Dean T. Odegard, MD

Dean T. Odegard, MD, is a pediatrician at Arch Pediatrics.

Dr. Odegard sees patients at:

Arch Pediatrics
3844 South Lindbergh Boulevard
Suite 216
St. Louis, MO 63127

Please call 314-525-0580 for an appointment.

What during your training led you to pediatrics?

I chose pediatrics because of the wide range of change from infancy to young adulthood. There’s so much meaning in the word “growth”—the development of bodies, new mental, social and emotional skills. It is a joy to see a newborn on their first day home from the hospital and in the next room, an 18-year-old about to start their first day of college.

What brought you to Washington University? 

I was thrilled to be accepted at WashU for medical school. When looking into medical training, I wanted somewhere not only big enough to attract referrals for specialized pediatric care, but also small enough to have excellent mentoring and plenty of teaching opportunities. I liked that St. Louis Children’s Hospital gets patients from a diverse population. The cherry on top was to have access to such a quality program while staying near family, since my wife and I had our first child while I was in medical school. When offered a job with Washington University Clinical Associates (WUCA) after training, I jumped at it.

Which aspect of being a pediatrician appeals to you the most?

In pediatrics, we have a great opportunity to impact a child’s life by teaching them healthy habits early on. If I can recognize a developmental delay and connect them with the right resources, diagnose ADHD or depression as the cause of slipping grades, or prevent illness with a vaccination, I can improve a child’s quality of life. It’s a humbling responsibility.

Tell us more about your interest in getting kids outdoors.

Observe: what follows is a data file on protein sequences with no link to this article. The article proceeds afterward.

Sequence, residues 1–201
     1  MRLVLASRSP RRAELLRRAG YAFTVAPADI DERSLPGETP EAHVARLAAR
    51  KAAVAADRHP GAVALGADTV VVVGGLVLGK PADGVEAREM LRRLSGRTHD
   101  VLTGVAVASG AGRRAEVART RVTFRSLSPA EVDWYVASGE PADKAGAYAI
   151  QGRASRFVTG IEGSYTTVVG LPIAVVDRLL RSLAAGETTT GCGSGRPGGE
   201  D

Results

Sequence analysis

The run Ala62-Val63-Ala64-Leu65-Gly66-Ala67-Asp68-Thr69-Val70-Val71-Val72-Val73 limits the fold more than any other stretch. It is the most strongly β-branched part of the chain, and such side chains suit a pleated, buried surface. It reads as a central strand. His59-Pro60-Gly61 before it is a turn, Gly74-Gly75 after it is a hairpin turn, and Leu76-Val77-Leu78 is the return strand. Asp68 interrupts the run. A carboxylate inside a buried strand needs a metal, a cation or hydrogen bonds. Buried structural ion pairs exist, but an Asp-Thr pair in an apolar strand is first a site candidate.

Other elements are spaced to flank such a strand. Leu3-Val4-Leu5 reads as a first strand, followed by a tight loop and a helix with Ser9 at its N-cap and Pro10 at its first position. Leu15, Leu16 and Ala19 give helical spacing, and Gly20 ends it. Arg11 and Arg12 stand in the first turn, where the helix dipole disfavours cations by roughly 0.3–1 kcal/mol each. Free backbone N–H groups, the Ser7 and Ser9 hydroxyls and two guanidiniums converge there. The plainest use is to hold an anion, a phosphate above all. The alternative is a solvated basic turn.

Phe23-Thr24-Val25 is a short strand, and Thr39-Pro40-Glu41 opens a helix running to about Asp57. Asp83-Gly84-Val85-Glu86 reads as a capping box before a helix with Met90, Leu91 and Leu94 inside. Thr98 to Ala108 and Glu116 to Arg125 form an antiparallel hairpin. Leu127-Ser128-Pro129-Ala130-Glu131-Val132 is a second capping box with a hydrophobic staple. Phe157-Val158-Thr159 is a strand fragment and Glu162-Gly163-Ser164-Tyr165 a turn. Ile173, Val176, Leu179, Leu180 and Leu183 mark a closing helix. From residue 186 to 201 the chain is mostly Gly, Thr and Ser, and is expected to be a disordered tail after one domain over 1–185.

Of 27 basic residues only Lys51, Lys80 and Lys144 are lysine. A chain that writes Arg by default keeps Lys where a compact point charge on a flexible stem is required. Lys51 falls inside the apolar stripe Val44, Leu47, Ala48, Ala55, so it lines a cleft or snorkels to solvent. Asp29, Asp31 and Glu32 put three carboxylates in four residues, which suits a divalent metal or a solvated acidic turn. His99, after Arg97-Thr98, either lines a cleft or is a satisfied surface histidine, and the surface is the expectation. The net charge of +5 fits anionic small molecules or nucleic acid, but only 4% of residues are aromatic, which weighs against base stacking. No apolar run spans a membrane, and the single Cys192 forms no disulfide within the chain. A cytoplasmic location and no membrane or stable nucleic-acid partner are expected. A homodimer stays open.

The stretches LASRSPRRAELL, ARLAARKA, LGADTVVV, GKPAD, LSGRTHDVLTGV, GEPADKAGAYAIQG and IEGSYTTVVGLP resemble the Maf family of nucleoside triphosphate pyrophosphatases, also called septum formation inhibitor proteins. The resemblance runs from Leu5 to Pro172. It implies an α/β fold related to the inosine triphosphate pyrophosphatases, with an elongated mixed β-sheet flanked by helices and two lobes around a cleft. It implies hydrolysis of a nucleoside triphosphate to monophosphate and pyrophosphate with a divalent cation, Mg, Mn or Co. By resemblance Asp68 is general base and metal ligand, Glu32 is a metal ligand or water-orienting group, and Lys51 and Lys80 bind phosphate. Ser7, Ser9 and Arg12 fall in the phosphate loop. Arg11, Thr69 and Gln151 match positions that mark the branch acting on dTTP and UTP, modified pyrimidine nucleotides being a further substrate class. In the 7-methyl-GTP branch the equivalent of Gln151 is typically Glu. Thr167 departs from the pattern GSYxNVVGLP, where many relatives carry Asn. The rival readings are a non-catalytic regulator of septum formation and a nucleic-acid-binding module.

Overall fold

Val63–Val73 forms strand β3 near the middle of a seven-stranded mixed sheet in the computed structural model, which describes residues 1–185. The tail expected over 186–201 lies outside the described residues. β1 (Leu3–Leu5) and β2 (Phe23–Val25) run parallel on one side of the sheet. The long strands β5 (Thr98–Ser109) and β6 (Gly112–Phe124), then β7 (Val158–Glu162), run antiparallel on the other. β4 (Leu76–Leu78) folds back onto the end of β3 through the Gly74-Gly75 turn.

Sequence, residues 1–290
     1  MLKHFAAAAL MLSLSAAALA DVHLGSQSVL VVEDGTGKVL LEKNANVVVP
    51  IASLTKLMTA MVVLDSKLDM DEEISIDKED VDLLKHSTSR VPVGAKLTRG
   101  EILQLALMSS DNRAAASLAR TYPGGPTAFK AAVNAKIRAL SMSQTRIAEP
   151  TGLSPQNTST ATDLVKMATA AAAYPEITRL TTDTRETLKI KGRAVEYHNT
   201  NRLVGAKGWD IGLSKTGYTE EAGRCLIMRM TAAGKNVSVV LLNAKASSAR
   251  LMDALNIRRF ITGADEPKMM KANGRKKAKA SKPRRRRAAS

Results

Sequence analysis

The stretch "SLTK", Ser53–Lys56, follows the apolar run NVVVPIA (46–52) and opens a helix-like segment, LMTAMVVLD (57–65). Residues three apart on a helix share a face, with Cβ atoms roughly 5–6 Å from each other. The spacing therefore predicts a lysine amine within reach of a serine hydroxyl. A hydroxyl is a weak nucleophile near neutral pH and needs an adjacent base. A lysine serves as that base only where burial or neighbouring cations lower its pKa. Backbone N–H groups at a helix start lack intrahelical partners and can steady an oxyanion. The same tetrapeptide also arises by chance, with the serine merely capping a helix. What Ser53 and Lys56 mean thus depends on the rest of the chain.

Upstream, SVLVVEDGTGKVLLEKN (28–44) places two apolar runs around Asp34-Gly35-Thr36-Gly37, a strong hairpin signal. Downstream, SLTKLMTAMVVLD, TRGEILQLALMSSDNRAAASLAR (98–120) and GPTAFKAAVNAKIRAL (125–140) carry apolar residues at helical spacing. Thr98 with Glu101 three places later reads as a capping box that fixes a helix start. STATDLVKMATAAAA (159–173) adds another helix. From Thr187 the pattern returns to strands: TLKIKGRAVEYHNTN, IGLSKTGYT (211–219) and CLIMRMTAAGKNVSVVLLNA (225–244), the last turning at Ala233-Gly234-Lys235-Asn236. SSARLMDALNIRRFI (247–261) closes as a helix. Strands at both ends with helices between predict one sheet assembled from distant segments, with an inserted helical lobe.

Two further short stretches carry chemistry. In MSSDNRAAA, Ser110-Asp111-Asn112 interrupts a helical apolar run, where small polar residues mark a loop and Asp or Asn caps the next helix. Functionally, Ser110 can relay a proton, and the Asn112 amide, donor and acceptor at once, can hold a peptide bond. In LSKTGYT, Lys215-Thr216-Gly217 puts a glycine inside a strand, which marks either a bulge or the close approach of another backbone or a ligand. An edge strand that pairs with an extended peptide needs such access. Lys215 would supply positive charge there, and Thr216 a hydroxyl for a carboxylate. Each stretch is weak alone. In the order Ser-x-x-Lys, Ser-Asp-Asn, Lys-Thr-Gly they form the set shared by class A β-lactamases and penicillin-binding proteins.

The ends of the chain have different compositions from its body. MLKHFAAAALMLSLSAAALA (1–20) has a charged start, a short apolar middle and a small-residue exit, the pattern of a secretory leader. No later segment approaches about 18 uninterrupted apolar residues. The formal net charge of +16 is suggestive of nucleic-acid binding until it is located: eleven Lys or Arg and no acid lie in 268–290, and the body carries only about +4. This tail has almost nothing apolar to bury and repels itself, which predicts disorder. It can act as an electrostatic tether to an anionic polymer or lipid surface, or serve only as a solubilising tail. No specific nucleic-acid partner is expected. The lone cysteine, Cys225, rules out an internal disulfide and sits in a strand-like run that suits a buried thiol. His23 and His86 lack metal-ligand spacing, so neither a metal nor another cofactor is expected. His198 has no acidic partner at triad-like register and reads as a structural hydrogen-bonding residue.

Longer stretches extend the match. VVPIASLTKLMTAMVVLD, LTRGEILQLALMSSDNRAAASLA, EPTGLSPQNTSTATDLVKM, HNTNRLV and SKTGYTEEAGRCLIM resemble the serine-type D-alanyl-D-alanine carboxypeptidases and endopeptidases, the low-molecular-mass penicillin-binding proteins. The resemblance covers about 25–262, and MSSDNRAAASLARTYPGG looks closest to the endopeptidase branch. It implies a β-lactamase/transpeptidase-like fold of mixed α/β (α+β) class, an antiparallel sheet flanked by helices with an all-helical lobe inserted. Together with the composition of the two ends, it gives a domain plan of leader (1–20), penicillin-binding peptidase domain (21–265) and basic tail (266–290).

There is a lot of research that shows children spending time in nature makes them mentally and physically healthier. It also encourages them in efforts to protect the environment. I’m passionate about getting kids get outside because it will boost health for them, their families and the world.

What about sports-related injuries interests you?

Growing up, I enjoyed many sports, from basketball to pole vaulting, and was lucky enough to compete in NCAA Division 1 track and field. I understand how tough it can be when an injury side-lines an athlete who wants nothing more than to get back onto the court or the track. Treating bone and muscle injuries is an important focus for me.

Are there any other new developments in your field that you are excited about?

I am excited about the new medicine for respiratory syncytial virus (RSV) which has shown promise at preventing serious illnesses from RSV in otherwise healthy babies. Every year, we send babies to the hospital for RSV, and it would be incredible to see less of that and protect our vulnerable newborns.

Where are you from?

College aside, I have lived in St. Louis since middle school, including graduate school at Saint Louis University and medical training at Washington University School of Medicine and St. Louis Children’s Hospital. I’m fortunate to have a lot of family here. St. Louis is a wonderful place to raise a family, and I am thrilled to be in practice at Arch Pediatrics.

Which particular award or achievement is most gratifying?

I received a few teaching awards as a graduate student and pediatric resident. I enjoy teaching because I love to see how new understanding of a topic can inspire change in a learner, and because it helps me pay forward all the great teaching from which I’ve benefitted over the years.

If you weren’t a doctor, what would you like to be doing?

I’d be a wildlife veterinarian, ideally stationed at a National Park somewhere: one part medicine and physiology, one part ecology and conservation, one part education and one part Indiana Jones.